The ‘airline-hiring-for-diversity’ question is another false flag, one I experienced as a hiring manager for a major airline. I know the realities of how hiring is done and what conditions affect diverse hiring. As a supervisor at Newark’s Liberty Airport in the late 90s, we sent out the word in all aviation venues that we were hiring aircraft mechanics. We went to job fairs in places like Atlanta, to increase access to available mechanics. Headquarters tasked us to even the racial/gender playing field. However, the qualified applicants were still 90% white, because ‘qualified’ meant all applicants had to have a minimum of five years of heavy aircraft experience, have their airframe and powerplant certificates, and – here’s the kicker – wanted to work in Newark’s Liberty airport … at night.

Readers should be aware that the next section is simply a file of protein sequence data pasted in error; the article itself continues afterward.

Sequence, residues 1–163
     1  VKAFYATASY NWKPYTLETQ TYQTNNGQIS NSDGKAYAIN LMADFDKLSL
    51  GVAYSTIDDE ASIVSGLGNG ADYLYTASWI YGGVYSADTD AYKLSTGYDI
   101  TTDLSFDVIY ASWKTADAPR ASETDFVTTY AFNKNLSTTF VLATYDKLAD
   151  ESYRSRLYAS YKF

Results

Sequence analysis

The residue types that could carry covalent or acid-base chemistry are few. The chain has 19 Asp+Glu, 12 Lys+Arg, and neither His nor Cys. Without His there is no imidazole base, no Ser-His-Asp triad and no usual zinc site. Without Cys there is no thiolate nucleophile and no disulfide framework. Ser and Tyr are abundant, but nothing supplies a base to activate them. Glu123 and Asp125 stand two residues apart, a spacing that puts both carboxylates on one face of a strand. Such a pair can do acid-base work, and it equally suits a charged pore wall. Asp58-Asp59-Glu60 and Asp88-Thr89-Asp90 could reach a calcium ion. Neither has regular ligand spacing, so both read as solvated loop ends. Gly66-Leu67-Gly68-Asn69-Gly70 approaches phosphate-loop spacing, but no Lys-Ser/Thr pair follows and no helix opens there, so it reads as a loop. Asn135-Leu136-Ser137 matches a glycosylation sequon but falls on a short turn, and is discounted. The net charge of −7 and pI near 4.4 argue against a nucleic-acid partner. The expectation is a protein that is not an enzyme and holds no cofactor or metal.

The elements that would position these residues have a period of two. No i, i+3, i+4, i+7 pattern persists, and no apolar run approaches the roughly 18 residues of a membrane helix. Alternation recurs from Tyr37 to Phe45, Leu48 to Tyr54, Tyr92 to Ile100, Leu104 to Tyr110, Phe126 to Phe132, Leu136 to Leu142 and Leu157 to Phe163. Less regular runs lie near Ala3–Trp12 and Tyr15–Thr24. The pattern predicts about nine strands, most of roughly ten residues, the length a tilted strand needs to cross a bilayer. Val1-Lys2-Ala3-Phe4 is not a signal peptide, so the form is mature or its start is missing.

This presented a twofold problem: diverse choice where there was no choice, while still hiring for skill. Pickings were slim, but you still had to interview for qualifications. A supervisor doesn’t hire to maintain diversity, he/she hires for qualifications. Candidates are offered jobs because their dedicated to safety, not how they identify. I never offered a job to anyone unqualified to perform that job. If airlines, government or aviation schools begin allowing Diversity Counselors – or CDIOs – to sit in on job interviews, that is a major problem – a safety problem. Diversity never, ever equals safety. Diversity also does not follow the intent of the FARs.